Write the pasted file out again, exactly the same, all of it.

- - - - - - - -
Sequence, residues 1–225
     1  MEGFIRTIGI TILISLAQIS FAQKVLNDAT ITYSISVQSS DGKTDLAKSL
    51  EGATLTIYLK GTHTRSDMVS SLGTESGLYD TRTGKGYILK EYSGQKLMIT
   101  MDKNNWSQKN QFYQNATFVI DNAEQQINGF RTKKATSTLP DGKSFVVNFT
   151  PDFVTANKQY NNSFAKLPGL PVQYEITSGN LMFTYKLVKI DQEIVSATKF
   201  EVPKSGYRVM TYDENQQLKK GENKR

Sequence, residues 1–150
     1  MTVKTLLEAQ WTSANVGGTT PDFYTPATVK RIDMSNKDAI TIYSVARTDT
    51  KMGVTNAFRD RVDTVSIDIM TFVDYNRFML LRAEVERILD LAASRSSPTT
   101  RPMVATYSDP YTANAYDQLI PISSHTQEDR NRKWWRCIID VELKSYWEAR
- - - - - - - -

Sequence, residues 1–225
     1  MEGFIRTIGI TILISLAQIS FAQKVLNDAT ITYSISVQSS DGKTDLAKSL
    51  EGATLTIYLK GTHTRSDMVS SLGTESGLYD TRTGKGYILK EYSGQKLMIT
   101  MDKNNWSQKN QFYQNATFVI DNAEQQINGF RTKKATSTLP DGKSFVVNFT
   151  PDFVTANKQY NNSFAKLPGL PVQYEITSGN LMFTYKLVKI DQEIVSATKF
   201  EVPKSGYRVM TYDENQQLKK GENKR

Sequence, residues 1–150
     1  MTVKTLLEAQ WTSANVGGTT PDFYTPATVK RIDMSNKDAI TIYSVARTDT
    51  KMGVTNAFRD RVDTVSIDIM TFVDYNRFML LRAEVERILD LAASRSSPTT
   101  RPMVATYSDP YTANAYDQLI PISSHTQEDR NRKWWRCIID VELKSYWEAR